What is particularly interesting is that the investment community is now willing to invest in such social programmes / projects because it sees, in the main, the opportunity to gain good returns. The investors gain access to the opportunities through social entrepreneurs or charities that uncover them in the same way that venture capitalists uncover pure market-related opportunities that are presented to the venture capital firms.

The Stanford article shows the “frictions” in the market that investors have to overcome (in order to make their returns) as follows:

  • Imperfect information. Investors at large may not know about particular opportunities—especially enterprises in developing nations or in low-income areas in developed nations—let alone have reliable information about their risks and expected returns.
  • Skepticism about achieving both financial returns and social impact. Investors at large may be unjustifiably skeptical that enterprises that are promoted as producing social or environmental value are likely to yield market-rate returns.
  • Inflexible institutional practices. Institutional investors may use heuristics that simplify decision making but that exclude potential impact investments, which, for example, may require more flexibility than the fund’s practices permit.
  • Small deal size. The typical impact investment is often smaller than similar private equity or venture capital investments, but the minimum threshold of due diligence and other transaction costs can render the investment financially unattractive regardless of its social merits.
  • Limited exit strategies. In many developing economies, markets are insufficiently developed to provide reliable options for investors to exit their investment in a reasonable time.
  • Governance problems. Developing nations may have inadequate governance and legal regimes, creating uncertainties about property rights, contract enforcement, and bribery. Navigating such regimes may require on-the-ground expertise or personal connections that are not readily available to investors at large.

These may or may not be specific to social enterprises but it is not sure they are, overall, of a higher risk than other business opportunities. They are different. Having been provided with the opportunities, the assessment mechanisms then will evaluate those opportunities taking into account the “frictions” (including those above) in order to assess the returns and risks – much as would be done in a neutral impact (or more “normal”) investment.

The Reality of Impact Investing

Investing in social enterprises is not new but the emergence of a sophisticated push into social investments by the financial community through impact investing has created a degree of publicity and resulted in an industry with $40bn invested according to a paper recently presented at the World Economic Forum in Davos  – an amount which is growing rapidly (although still a tiny fraction of the trillions invested by the financial sector).

Within the social impact sector, traditional, donation-led financing may gradually move aside as investments with a financial return move in – although the main benefit will be through impact investment taking up the slack that top-down government funding  would have provided and maybe into areas not originally considered or under-funded. It can certainly be argued that such investments (in organisations such as Grameen Bank for micro-financing) seek to reap full returns while providing social benefits as well – even if the social benefits are actively pursued from the outset. The Stanford article suggests that no impact investment is such unless it has an “active” approach from the outset to providing real social returns over and above the financial ones and over and above what would have occurred without the investment. This impact is hard to uncover and measurement is not yet sufficiently in place and does not rule out the imperative of good financial returns (which are quantifiable).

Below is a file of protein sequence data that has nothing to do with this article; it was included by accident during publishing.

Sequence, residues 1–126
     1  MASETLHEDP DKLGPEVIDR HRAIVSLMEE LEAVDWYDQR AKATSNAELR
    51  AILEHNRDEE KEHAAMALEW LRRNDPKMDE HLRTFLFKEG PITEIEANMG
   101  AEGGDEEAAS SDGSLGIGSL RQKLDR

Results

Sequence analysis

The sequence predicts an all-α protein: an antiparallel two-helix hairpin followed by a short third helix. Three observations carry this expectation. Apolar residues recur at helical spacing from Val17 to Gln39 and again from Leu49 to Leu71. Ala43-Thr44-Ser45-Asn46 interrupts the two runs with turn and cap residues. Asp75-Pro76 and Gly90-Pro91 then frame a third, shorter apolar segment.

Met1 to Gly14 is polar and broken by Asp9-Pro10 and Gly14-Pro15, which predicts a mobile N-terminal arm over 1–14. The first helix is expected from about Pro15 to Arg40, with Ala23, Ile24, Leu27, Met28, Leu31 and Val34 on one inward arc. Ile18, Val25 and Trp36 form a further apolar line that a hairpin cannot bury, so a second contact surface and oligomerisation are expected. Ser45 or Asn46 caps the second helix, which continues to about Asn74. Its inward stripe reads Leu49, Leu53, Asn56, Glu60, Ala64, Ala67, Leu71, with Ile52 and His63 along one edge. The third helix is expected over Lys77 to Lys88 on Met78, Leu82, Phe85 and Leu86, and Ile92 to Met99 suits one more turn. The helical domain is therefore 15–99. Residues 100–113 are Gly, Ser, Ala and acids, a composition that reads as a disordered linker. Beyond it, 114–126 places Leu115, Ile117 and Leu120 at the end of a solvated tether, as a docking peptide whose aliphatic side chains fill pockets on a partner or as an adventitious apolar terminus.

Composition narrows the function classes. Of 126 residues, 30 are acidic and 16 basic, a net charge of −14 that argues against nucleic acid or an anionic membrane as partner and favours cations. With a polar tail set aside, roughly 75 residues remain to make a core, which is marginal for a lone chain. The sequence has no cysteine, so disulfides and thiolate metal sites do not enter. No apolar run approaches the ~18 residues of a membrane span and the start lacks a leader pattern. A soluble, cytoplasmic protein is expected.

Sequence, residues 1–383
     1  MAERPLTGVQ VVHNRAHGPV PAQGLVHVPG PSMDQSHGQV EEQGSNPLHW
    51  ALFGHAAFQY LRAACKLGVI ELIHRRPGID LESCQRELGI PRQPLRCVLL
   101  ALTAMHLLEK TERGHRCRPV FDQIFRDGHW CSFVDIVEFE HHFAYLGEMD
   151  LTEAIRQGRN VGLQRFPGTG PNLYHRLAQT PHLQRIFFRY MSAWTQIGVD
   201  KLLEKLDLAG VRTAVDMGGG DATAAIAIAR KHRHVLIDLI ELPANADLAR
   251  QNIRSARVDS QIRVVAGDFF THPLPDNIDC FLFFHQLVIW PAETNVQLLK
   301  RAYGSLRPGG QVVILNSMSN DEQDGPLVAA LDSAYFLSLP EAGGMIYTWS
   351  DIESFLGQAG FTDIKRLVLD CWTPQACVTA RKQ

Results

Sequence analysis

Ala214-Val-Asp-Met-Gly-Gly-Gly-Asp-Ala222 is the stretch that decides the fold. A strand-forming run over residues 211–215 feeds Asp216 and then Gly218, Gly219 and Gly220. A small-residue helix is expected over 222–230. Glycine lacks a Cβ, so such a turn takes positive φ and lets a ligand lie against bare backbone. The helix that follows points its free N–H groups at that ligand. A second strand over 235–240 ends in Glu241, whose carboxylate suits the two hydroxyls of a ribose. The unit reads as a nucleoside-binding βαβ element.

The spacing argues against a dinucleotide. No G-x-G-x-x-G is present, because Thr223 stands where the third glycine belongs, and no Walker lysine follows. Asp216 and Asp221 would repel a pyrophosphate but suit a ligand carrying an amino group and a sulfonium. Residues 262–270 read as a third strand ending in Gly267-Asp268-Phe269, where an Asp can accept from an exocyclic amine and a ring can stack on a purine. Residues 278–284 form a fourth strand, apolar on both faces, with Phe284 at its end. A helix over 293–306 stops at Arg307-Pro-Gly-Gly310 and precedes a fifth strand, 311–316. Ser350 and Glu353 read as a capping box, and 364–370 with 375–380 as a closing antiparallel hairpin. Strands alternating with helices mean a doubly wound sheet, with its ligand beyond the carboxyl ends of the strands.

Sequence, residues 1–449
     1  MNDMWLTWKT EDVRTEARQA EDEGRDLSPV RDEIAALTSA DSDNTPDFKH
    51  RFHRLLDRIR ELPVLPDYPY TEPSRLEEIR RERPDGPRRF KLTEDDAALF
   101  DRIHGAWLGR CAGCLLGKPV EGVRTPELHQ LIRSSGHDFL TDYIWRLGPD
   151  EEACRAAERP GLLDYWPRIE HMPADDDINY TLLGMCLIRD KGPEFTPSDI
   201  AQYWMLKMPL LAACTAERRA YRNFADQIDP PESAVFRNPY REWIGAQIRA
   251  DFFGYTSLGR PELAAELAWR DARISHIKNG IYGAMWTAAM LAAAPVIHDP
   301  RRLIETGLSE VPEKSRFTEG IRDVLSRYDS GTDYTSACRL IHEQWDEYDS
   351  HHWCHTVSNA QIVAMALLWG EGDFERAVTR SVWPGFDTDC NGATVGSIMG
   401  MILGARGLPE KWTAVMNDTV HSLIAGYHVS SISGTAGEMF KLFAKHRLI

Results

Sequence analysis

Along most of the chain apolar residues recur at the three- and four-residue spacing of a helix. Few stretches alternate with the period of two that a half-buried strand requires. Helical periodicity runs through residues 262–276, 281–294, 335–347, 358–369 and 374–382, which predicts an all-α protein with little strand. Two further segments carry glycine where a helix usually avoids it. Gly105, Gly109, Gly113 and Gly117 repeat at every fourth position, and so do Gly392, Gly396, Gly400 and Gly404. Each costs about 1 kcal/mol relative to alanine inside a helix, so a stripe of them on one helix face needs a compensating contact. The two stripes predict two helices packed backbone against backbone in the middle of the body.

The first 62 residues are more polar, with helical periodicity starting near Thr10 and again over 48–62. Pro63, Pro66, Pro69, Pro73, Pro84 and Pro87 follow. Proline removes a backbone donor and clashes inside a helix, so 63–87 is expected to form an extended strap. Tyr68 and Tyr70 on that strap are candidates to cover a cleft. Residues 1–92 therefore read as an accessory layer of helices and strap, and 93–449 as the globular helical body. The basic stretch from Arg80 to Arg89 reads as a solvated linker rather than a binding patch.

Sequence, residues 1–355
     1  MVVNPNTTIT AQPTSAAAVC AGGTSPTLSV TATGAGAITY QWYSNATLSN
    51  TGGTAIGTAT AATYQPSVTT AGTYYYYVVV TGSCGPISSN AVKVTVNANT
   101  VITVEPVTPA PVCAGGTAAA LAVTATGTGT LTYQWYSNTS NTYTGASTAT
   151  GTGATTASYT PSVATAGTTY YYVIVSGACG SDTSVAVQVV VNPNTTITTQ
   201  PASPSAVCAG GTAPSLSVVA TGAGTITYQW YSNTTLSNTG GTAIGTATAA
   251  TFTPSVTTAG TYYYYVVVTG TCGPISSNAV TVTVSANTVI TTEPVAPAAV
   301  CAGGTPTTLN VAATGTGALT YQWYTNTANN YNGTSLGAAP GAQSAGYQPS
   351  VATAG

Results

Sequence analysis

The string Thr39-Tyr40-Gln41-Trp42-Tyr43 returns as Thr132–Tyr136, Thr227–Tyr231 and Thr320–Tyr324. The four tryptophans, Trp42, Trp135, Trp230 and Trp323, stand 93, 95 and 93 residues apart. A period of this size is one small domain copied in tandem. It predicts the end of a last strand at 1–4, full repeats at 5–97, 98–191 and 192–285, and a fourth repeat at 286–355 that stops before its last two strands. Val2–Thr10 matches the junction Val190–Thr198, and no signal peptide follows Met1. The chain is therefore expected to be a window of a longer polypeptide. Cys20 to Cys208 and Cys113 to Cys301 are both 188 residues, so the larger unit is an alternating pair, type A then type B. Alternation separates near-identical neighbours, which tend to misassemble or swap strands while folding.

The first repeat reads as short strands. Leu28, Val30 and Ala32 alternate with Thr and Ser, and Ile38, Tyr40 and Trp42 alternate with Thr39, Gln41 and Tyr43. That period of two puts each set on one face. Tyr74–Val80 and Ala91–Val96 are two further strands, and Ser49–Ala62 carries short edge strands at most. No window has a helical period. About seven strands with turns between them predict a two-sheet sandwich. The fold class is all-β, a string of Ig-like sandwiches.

One key question is whether impact investment is anything more than normal investment but with opportunities revealed by a new set of entrepreneurs – the social entrepreneurs – and with a new appetite and understanding for the risks inherent in this new sector. This appetite is emboldened as more of these ventures produce decent returns, as management of the “frictions” noted above are found to be possible and where the investment helps provide such as the “outstanding investment returns by delivering essential services to disconnected communities underserved by global networks.” as found by organisations like Elevar Equity quoted here).

With governments more likely to stand aside and open up spaces for investors, charities and social entrepreneurs have to seek out new financing and are doing so. The availability of serious amounts of investment is real and whether or not these are new and whether or not the investors care too much about whether the social impact is real or not, it has been shown that money is available but that (outside of the traditional donations market and outside of individual and foundation / trust philanthropists who, like a Bill Gates, wants to “do good”) most impact investment will be looking for good financial returns from this new, “friction”-filled investment area – where investment opportunities are brought to the investors by the newer group of entrepreneurs – social entrepreneurs.

This is a nascent environment but it is clear that the investment community is now working with a new form of social entrepreneur that find the prospects and is beginning to acclimatize itself to the specific risks (or “frictions”) that characterize the new marketplace in order to generate good financial returns. It is a marketplace that is being “sold” on the premise that “social returns” + “financial returns” = normal returns. It can be argued that the only element of the returns to be calculated (financial) is not necessarily lower than in other areas and that social returns are just over and above them. Nonetheless, the market is now available and social entrepreneurs have a growing opportunity to take advantage.

“But on the view of each species constantly trying to increase in number, with natural selection always ready to adapt the slowly varying descendants of each to any unoccupied or ill-occupied place in nature, these facts cease to be strange, or perhaps might even have been anticipated.” – Charles Darwin (1859), On the Origin of Species